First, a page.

As my final meeting as chairman of the City of Berkeley’s Commission on Labor draws near, I thought I’d to take a minute to give my farewell to the local labor community and to Berkeley residents.
This all began for me exactly three years ago when I was appointed by Councilmember Kriss Worthington to the city’s Labor Commission in March of 2004. I must confess that Councilmember Worthington took a leap of faith in appointing me, a Berkeley freshman at the time, to this policy body. I maintain infinite thanks for this honor.
Since my appointment, my colleagues and I have been involved with a wide array of labor activism, legislating, and in contact with in the labor community.
In brief, my initial foray into the wider struggles of labor came with the dispute between employees and management at the Claremont Resort and Spa. The dispute was contractural in nature, as are many others, including those at the Berkeley Honda, the Shattuck Cinema and Hornblower Cruises. I saw then and continue to see employees who put in many hours on the job only to see little to nothing left at the end of their pay periods for savings. We all know that access to well-paying jobs with adequate benefits should not be optional for anyone in this city, state, or country and it is our responsibility to stand up and speak out. I’ve said before that it’s frustrating to see the increasing number of disputes that divide employees from employers, but I’m made optimistic by the fact that even when one is disadvantaged, the community mobilizes in support of fairness.
One of the interesting lessons I’ve learned is that although some like to divide the labor and business communities as inherently liberal versus conservative, it is important not see them strictly this way. I prefer to see union organization as employees taking more ownership in their destinies. At the same time, it is important to congratulate companies who engage in positive business practices becasue there are those who do not.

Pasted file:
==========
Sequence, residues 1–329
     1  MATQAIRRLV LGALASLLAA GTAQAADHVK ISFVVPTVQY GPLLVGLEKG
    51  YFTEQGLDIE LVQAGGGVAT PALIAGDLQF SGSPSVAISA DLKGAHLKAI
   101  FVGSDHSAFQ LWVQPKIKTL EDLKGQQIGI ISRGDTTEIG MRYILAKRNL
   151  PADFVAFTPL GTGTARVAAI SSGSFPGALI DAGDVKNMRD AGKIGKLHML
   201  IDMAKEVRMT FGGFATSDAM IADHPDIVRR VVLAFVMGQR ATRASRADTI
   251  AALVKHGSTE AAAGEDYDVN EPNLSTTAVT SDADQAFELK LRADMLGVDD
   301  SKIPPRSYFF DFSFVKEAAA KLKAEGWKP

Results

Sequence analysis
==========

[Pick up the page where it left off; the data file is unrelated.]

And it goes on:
In addition to supporting fair practices of those related to the previously mentioned disputes, the Commission has recently passed two significant ordinances for City Council consideration. The first is the “Sweatshop Free Berkeley Ordinance,” which if passed by the City Council, would ban government from purchasing garments and other items from organizations (and their subsidiaries) that engage in sweatshop labor. Secondly, the commission passed a “Right-to-Know Ordinance” which protects consumers by stating that local hotels are to notify their customers of a work stoppage (such as a strike) in that could result in hardships of some type. The latter policy emerged as a result of issues surrounding the Claremont Resort and Spa campaign.
I see these actions as a continuation of Berkeley’s tradition of speaking for those without a voice, and for diversity. No one should be ashamed of this fact. These actions also carry on the legacy of a Berkeley legend, Maudelle Shirek, who was instrumental in creating the Labor Commission and politically inspiring those such as mayor and former Congressman Ron Dellums, and Congresswoman Barbara Lee and even me. She would be proud to note that the commission is one of the most diverse in the city with two African Americans, two Hispanics, and four students.
Maudelle would want us all to continue to stand up and speak out. So although this is a farewell of sorts, I’m well aware that there is much more work to be done. So, I’ll see you around. Thank you Berkeley!
Nicholas E. Smith is the outgoing chairman of the Commission on Labor, a member of the Housing Advisory Commission, and a Cal Berkeley senior.